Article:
Green Deal aviation tax should be financed by private jet flyers, Cassola tells Chamber

MEP candidates speak on effects of Green Deal rules on island nations like Malta

Candidates Arnold Cassola, Thomas Bajada, and Peter Agius
Candidates Arnold Cassola, Thomas Bajada, and Peter Agius

Three candidates for the European elections told a Chamber of Commerce audience that MEPs must unite in a bid to prevent the negative effects of Green Deal laws that can raise the cost of travel and transport for islands like Malta.

But independent candidate Arnold Cassola said that avaiation taxes intended to finance climate mitigation measures, should be paid by high-spending private jet users.

New rules emanating from the European Green Deal could potentially lead to an increase in prices of flights from Malta by up to €60 each way, according to one study by the Royal Dutch Aeronautical Institute.

“I say ‘yes to the Green Deal’, and I am proud of the EU’s lead on climate change, but the price we pay for it must be proportionate,” said PN candidate Peter Agius. “I’m not ready to pay twice what Germans or Italians are paying for the Green Deal. So the question is: at what price for the Maltese?”

Agius said that with the Green Deal now a permanent feature of the EU’s agenda, it was up to Maltese MEPs to defend the economy from any adverse effects of the upcoming rules yet to be legislated in the European Parliament.

“The upcoming Commission will need to garner support across various political factions… we need to adapt laws to suit Malta’s unique circumstances. European Commission initiatives should not impose disproportionate burdens on the country,” Agius said.

The Labour candidate Thomas Bajada, an employee of Malta’s permanent representation to the EU, said he had experienced the vacuum on various parliamentary committees from the inability of Malta’s six MEPs to cover the gamut of parliamentary issues. “In that way we used the branch of the Council, as Malta, to tackle these very issues at a higher level,” he said, praising the role of the government in achieving derogations from various EU laws. “We can’t just complain about being a small country: our weapon is creating important alliances with MEPs and other countries in the Council to make our voice heard, such as other Mediterranean member states.”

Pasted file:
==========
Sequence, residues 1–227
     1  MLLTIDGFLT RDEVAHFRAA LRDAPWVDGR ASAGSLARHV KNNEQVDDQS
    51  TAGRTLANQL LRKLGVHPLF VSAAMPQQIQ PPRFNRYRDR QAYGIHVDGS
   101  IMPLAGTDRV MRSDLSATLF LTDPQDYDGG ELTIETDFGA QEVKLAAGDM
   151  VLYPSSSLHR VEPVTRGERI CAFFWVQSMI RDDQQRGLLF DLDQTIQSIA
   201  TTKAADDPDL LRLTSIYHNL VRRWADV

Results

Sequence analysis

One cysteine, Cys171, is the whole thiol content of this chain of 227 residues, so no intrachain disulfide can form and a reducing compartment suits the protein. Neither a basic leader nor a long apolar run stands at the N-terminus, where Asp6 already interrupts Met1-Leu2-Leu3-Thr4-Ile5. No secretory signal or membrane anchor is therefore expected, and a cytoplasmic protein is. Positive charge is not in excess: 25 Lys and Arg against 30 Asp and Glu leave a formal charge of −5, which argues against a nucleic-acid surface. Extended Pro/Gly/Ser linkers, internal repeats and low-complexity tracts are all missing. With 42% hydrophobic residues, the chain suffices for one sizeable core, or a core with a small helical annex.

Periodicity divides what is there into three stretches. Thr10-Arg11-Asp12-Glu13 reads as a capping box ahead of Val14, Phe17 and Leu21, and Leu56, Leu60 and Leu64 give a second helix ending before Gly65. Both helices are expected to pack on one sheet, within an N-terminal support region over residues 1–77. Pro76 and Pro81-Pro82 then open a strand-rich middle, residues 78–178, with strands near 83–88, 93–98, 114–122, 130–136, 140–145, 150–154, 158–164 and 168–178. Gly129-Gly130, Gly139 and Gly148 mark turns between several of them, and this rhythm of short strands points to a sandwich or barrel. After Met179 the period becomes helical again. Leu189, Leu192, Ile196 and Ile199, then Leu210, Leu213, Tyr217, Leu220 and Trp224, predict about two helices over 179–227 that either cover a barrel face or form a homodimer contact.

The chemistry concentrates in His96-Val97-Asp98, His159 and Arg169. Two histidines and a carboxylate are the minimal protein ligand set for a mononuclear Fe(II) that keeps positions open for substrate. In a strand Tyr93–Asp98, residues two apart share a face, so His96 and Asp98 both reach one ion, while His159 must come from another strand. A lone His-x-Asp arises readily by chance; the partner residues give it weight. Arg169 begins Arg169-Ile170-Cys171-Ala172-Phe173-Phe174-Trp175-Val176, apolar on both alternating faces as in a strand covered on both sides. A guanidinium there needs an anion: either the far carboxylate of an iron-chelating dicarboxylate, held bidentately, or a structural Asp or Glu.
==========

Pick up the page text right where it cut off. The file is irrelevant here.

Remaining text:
On the other hand, independent candidate Arnold Cassola, addressing the question directly from Chamber of Commerce moderator Rachel Attard, said clearly that with the Green Deal an irrefutable part of the EU’s lawmaking process, Malta had to look forward towards the bigger picture.

“We must suffer the initial small pain, for the big gain further on in future. My concrete proposal is that, while the basis of the aviation fuel tax is just and we must reduce emissions, the tax should be applied on private airplanes leaving and arriving in Malta, in the case of our country. Yes, whoever uses private jets should be paying this tax… while Maltese commercial flying and cargo transport should be exempt from this tax,” Cassola said.

Malta’s cargo flights would already be exempt from the proposed law, thanks to derogations negotiated by the Maltese government.

Agius also said that other island-regions have been exempt from aviation fuel taxes, owing to the efforts of their government for special exemptions. “The EPP’s manifesto includes the proposal for a territorial impact assessment, that would include peripherical concessions for countries like Malta.”

Bajada said Malta was not yet considered a peripherical region under EU laws, because such a concession had not been negotiated by the Nationalist government back in 2003. “Now is not the time to blame past decisions, but we need to pull the same rope on various issues that affect our competitiveness.”

Cassola railed against calls for mass tourism influxes that could touch the 5 million mark, addressing the Chamber’s audience by saying such an idea went counter to all notions of sustainability.

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This article is part of a content series called Ewropej. This is a multi-newsroom initiative part-funded by the European Parliament to bring the work of the EP closer to the citizens of Malta and keep them informed about matters that affect their daily lives. This article reflects only the author’s view. The action was co-financed by the European Union in the frame of the European Parliament's grant programme in the field of communication. The European Parliament was not involved in its preparation and is, in no case, responsible for or bound by the information or opinions expressed in the context of this action. In accordance with applicable law, the authors, interviewed people, publishers or programme broadcasters are solely responsible. The European Parliament can also not be held liable for direct or indirect damage that may result from the implementation of the action.

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